Day 5 – 40DOW – I don’t have Ebola

Restless nights provide for interesting lucid thinking. I’ll start from a doze-like-state with some thought usually a random one.

At this point, it’s 3:00 am and I am snuggled up in our Arizona pines under a heated blanket. I have arranged for a Skype call with my sister in England for later. But what woke me was the thought; “I don’t have Ebola”. Which isn’t that far off since we have a gentleman up here in a self imposed quarantine after his return from a mission trip to Liberia. News link
It’s also interesting that I’ve had to, on a couple of occasions, give friends permission to worry for me. When something scary happens to someone you care about it can be hard. But it’s tough to understand since I’ve always felt the right to deal with these things as my body dictated. I’m also surprised in the ever slight shift in my self. I’d consider myself to be nurturing in many ways, I tend to love people fiercely when something about them speaks to my soul, and as I manage the phone conversations and emails, I feel decidedly more nurturing to them. It’s very subtle, but it’s something I’ve noticed. I wonder if it’s the result of the emotional exhaustion or just an internal shift and I wonder how temporary it might be… this urge to tell the people I love that are family and friends to give in to how their body is telling them to react. Maybe it’s because I see love in their reactions and I’m honored and humbled by its reciprocity.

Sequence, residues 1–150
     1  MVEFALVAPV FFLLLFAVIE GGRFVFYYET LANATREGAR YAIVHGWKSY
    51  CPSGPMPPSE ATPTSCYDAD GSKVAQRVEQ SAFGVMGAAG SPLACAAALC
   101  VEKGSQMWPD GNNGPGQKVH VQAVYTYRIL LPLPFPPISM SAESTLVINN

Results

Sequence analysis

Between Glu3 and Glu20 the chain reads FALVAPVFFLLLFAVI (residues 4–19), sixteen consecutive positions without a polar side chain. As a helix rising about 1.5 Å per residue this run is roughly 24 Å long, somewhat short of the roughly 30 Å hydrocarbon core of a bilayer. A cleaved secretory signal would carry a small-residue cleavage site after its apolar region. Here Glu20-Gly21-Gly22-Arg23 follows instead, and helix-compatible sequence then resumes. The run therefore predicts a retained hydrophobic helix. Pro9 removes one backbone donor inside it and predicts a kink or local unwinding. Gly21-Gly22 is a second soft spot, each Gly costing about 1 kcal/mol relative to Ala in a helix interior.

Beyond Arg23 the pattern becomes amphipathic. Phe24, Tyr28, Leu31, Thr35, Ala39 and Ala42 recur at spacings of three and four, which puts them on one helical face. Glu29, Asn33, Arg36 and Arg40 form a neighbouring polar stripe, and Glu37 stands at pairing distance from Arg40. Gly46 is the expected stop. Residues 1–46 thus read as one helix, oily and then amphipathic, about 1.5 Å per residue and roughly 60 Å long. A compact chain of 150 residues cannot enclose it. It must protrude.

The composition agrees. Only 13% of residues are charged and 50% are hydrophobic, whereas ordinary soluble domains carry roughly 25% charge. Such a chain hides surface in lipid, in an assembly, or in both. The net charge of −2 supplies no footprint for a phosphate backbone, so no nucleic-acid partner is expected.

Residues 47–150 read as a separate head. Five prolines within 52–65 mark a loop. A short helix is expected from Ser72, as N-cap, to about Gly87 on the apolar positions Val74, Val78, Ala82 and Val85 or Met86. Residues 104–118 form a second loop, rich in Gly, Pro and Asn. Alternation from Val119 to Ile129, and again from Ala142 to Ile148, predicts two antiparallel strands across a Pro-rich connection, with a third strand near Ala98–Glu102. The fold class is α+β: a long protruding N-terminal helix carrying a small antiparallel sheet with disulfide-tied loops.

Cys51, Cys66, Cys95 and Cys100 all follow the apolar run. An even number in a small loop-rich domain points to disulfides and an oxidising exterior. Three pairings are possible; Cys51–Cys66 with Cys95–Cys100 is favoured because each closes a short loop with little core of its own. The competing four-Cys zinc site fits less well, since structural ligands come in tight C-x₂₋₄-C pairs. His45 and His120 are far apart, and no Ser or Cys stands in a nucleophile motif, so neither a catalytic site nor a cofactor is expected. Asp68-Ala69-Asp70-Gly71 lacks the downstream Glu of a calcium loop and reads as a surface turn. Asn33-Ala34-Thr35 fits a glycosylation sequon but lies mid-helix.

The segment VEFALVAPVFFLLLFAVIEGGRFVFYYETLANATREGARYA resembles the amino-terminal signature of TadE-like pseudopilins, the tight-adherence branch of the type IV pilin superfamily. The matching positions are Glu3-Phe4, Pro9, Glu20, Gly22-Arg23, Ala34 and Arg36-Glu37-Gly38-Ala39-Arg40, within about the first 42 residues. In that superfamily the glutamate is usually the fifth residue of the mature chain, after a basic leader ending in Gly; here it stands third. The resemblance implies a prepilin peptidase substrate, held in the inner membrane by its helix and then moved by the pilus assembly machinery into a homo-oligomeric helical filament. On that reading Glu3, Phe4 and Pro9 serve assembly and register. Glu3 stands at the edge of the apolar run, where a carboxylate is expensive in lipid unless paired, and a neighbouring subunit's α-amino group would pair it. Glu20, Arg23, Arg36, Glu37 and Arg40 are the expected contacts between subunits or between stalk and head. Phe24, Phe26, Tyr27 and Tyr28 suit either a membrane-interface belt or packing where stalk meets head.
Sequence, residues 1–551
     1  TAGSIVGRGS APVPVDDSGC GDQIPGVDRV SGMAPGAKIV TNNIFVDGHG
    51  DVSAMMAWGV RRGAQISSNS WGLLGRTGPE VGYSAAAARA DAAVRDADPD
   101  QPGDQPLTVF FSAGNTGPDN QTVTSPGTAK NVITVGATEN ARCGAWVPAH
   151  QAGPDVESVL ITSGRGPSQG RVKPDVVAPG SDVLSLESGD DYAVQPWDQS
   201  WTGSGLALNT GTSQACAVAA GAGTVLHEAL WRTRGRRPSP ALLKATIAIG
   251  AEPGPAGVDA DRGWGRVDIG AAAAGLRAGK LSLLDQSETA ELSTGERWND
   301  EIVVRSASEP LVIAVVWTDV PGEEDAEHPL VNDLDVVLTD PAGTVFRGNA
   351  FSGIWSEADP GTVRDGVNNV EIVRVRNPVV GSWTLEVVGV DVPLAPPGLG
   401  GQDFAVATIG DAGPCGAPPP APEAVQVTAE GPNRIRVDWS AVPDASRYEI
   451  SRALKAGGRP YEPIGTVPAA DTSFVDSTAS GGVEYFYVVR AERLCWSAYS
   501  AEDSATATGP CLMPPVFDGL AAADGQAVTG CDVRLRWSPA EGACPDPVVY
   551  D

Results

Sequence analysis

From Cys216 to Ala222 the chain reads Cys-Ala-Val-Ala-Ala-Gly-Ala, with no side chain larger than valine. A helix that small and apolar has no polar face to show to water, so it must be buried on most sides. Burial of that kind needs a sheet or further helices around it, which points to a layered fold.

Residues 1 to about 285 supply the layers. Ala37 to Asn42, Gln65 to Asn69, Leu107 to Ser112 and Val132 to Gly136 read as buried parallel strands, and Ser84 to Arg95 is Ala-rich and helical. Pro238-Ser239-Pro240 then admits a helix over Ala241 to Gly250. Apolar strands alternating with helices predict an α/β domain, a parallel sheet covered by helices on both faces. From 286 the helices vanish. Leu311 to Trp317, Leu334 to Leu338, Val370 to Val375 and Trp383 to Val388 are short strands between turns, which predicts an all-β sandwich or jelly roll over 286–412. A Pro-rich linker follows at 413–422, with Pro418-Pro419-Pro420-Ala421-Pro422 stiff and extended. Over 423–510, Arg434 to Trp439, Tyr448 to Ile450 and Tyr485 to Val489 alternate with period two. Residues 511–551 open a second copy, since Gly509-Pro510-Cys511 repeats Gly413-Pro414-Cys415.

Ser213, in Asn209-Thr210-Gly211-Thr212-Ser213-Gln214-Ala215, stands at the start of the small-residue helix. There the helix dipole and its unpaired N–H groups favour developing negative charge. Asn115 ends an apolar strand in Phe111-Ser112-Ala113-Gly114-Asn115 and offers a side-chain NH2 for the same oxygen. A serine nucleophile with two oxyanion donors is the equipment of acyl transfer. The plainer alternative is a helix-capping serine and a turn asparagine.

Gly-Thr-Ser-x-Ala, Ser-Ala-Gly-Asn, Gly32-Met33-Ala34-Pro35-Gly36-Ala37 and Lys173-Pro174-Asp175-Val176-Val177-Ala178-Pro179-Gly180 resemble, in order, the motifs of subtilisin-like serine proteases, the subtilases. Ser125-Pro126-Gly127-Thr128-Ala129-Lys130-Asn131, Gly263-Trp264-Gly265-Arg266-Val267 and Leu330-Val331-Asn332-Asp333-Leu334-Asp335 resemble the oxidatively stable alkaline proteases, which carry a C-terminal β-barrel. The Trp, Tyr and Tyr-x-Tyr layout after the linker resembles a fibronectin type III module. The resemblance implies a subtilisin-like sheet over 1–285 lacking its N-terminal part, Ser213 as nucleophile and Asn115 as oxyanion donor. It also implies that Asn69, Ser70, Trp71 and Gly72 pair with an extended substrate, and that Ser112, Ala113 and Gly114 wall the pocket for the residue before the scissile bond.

Maybe it’s because it’s now 3:30 am and I need to get more sleep.

Here is a picture of a bull with a B on his butt.

It is always an overwhelming experience

My parents are the kind of people that have never turned away a chance at adventure… though perhaps in some way it finds them and they are really not given a true choice.

My semi-estranged father (and I say semi-estranged because I just have not figured him out yet and he is like a stranger to me) had arranged another bullfight for himself and his bullfight friends.

This is how I grew up, from when I was born until about 1979. Bullfights. Or something bullfight related. Every. damn. weekend. Especially so when we had the bullfight stock bull ranch.

At some point in those years, my mother stopped going to them and I can’t imagine my dad taking kids with him… but I can’t recall not going having that exposure (maybe it was when we would go to the ranch?).

So, it is hard to get past something that is so in your face, to me bullfighting just was.. I mean, didn’t your dad love it too? Really, I just thought it was something all dad’s liked. Though it was in that way that it was not a surprise that other dad’s didn’t, but I just figured they had a different all consuming passion.

So, we flash forward to my father getting back into it around 2000, I was just married and had actually not been aware that my half-sibling hadn’t grown up the same way. My dad must have been miserable (though he was living in England). but somehow he starts up, and then gets divorced, moves in Spain and ends up in Northern California. Northern California has a huge Portuguese community and many of them have ranches where they raise bulls for their festivals (allowed per the California constitution) and so he starts and to me, it is like he never even stopped. As a matter of fact when he was talking and let us know that he had not bull-fought from 1980 to 2000, I was a little shocked.